If you type: “fat dog pic” into your search engine, you’ll find pictures and videos of overweight dogs that are supposed to be funny.
Not to be a buzz-kill, but morbidly obese pets don’t seem that funny to me — and I’m talking about dogs who can’t walk without difficulty because their bodies are so heavy that the joints in their legs are failing. It’s a crisis.
October 9th is National Pet Obesity Awareness Day, but the dangers of obesity are talked about so much all year long now that it’s almost overwhelming. Yet obesity is still a huge problem among our pets. Over half of the pets that veterinarians see are obese or overweight.
Certainly, our pets don’t understand the dangers of obesity. We, as pet parents, are responsible for how much our dogs eat and exercise. So if a dog becomes obese, are humans to blame? And is this really just another form of pet neglect? Should we intervene if we see such neglect?
Here’s what you should know about obesity in pets.
The Dangers Of Obesity
Let’s go over a few of the dangers of obesity — be it dog, cat or human — again, just for the purpose of clarity:
We’re told that these conditions are real and that additional weight and poor health are causes.
When a human being is morbidly obese, we know that there may be factors that we can’t easily control: hormone imbalances, hereditary proneness, a lack of nutritional education, or emotional issues.
When it’s a pet, how do those issues change? The question may become: Whose lack of nutritional education or emotional problems are causing the damage? The dog’s? Or is it the human’s? Or a combination?
Pet Parents Cause Obesity In Dogs Most Of The Time
Hormone imbalances and thyroid conditions do occur in animals just like they do in humans. Veterinarians can rule out these possibilities for our pets fairly easily. They can also prescribe treatment to address these issues.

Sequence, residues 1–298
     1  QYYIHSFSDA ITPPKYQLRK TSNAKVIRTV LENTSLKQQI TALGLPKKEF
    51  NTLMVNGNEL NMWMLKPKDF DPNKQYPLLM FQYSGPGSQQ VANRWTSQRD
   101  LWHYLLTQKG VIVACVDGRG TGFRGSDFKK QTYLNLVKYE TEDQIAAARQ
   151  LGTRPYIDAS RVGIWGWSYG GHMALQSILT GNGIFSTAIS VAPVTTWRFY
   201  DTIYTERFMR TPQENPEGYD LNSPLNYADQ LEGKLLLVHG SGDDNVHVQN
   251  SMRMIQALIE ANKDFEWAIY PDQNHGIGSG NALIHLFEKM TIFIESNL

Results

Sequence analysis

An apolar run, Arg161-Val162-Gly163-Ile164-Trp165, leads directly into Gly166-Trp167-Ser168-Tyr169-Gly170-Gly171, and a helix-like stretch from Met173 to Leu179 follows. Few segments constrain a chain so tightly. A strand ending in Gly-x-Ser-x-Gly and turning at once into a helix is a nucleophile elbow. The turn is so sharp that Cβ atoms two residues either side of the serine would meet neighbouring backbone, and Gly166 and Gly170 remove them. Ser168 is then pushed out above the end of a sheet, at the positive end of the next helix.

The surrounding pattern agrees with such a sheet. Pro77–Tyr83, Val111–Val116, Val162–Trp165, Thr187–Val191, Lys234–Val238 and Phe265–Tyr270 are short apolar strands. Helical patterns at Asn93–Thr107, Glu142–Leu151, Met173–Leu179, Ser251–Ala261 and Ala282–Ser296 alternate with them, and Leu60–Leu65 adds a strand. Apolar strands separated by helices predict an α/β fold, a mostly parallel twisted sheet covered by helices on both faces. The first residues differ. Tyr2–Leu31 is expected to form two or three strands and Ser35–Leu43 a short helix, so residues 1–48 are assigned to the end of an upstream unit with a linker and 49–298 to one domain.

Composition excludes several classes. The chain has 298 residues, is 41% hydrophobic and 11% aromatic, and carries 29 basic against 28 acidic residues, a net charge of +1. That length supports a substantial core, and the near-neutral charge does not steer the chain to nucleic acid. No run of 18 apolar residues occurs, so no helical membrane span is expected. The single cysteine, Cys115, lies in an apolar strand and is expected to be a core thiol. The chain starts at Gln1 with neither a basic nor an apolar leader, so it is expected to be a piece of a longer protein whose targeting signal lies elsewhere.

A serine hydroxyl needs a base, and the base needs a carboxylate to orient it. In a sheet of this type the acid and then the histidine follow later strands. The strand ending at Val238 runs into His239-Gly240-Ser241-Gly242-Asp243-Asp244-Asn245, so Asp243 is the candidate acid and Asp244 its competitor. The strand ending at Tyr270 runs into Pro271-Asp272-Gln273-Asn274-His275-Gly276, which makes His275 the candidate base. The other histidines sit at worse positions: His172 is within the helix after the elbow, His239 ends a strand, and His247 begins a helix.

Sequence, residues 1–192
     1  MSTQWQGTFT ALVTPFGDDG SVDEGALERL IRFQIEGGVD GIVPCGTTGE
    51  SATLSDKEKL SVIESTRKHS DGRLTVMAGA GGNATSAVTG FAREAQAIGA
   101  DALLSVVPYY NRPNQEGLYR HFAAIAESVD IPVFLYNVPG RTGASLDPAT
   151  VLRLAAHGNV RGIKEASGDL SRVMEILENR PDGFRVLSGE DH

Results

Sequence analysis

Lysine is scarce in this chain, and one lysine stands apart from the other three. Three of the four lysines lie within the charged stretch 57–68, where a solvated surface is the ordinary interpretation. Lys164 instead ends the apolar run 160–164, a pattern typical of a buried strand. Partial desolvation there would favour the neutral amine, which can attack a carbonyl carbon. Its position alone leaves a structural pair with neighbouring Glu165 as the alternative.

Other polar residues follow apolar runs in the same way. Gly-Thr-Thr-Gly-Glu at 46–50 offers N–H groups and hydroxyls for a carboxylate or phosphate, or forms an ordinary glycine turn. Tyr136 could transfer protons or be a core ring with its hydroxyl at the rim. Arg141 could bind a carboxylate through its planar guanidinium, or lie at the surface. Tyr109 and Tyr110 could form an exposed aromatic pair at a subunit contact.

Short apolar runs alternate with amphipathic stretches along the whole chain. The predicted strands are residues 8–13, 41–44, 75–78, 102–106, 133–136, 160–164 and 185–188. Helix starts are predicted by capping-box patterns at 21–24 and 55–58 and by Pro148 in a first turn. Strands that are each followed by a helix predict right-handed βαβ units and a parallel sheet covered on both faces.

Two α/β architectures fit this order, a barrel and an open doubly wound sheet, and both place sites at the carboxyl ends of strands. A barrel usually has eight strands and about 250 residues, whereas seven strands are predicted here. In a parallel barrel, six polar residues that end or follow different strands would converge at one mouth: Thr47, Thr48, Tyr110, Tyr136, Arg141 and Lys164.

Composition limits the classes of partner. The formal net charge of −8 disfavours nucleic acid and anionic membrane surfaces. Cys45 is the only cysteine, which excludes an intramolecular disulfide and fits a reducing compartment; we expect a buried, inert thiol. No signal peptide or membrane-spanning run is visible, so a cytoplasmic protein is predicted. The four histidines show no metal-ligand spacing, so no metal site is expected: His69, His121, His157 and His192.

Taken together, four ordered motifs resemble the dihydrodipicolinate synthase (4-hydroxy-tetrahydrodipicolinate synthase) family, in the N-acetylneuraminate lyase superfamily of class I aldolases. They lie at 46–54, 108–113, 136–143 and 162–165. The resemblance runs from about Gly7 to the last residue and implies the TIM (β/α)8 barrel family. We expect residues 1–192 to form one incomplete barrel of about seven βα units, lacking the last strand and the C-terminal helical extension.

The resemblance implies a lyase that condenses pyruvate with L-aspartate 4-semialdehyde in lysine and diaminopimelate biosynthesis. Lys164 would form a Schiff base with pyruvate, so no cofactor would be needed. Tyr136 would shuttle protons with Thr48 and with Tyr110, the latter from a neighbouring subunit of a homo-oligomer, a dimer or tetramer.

Once those issues have been ruled out, poor diet and exercise are the most likely causes of a pet’s obesity. Those factors are entirely controlled by the pet parent.
So why would a person continually feed inappropriate treats and table scraps in unhealthy amounts to their already overweight pets on purpose? Why would they, seeing that their animal is growing so very much larger than other animals of their size and breed, not institute some kind of change in the animal’s diet and exercise?
And, more importantly, is it anyone’s business but their own?
Pet experts and veterinary specialists consider the problem of pet obesity to be a nutritional disease. More than half of cats and dogs in the United States suffer from having excess weight. Vets say that some 53 percent of adult dogs and 55 percent of cats are overweight or obese.
How do we reach the humans who care for these pets? How can we educate them? Should we hold them accountable?
Are Fat Dogs Happy?
Then again, who’s to say what a happy dog or cat looks like?
If some lady’s cat is fat, not morbidly obese, but just overweight, it seems pretty harsh to consider that abuse. If someone has a “treat loving” dog, where’s the criminal negligence in exchanging a perfect check-up for some yummy Beggin’ Strips and the fun of doling them out to an eager, thankful pup?
I’ve gladly exchanged my perfect check-up and my perfect body for barbecued ribs, bread, bread, bread, and wine.
Common sense tells us that when a normally ambulatory being is unable to walk because of their size and weight, they are too big, and it’s not healthy. Some animal rights advocates are trying to argue that extreme pet obesity is negligent to the point of being criminal, but how do you measure those standards?
Certain breeds of dog and cat are prone to weight gain but, as an example, should we target individuals who have those breeds? Do we have the right to judge and even penalize people with fat cats or dogs?
When Should We Intervene?
I suppose, inasmuch as people are people, we must have our opinions about the size and fitness of one another’s pets.
Obviously, there are extreme circumstances in which the weight of the animal exceeds their ability to negotiate normal, physical activity. But the question is: When do we ask the authorities to step in and, more importantly, should we?
Historically, human beings, parents, pet lovers, and even politicians have been subject to the scrutiny of their neighbors, constituents, and friends. Today, you may find that thousands of people are sharing your “story” with like-minded individuals.
The shocking truth may be that if you’ve neglected your pets’ health, your story may go viral! We may not need the intervention of the law to put an end to pet obesity. Facebook and Twitter might shame pet parents out of their bad habits!
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Is shame really a good method of bringing about positive change when all else fails? It’s hard to say. In the meantime, we should all work together to educate and inform to hopefully address the problem of pet obesity and save animals’ lives.
Do you think pet obesity is a form of neglect? How do you think we can get pet parents to change bad habits and take their animals’ health seriously? Let us know in the comments below!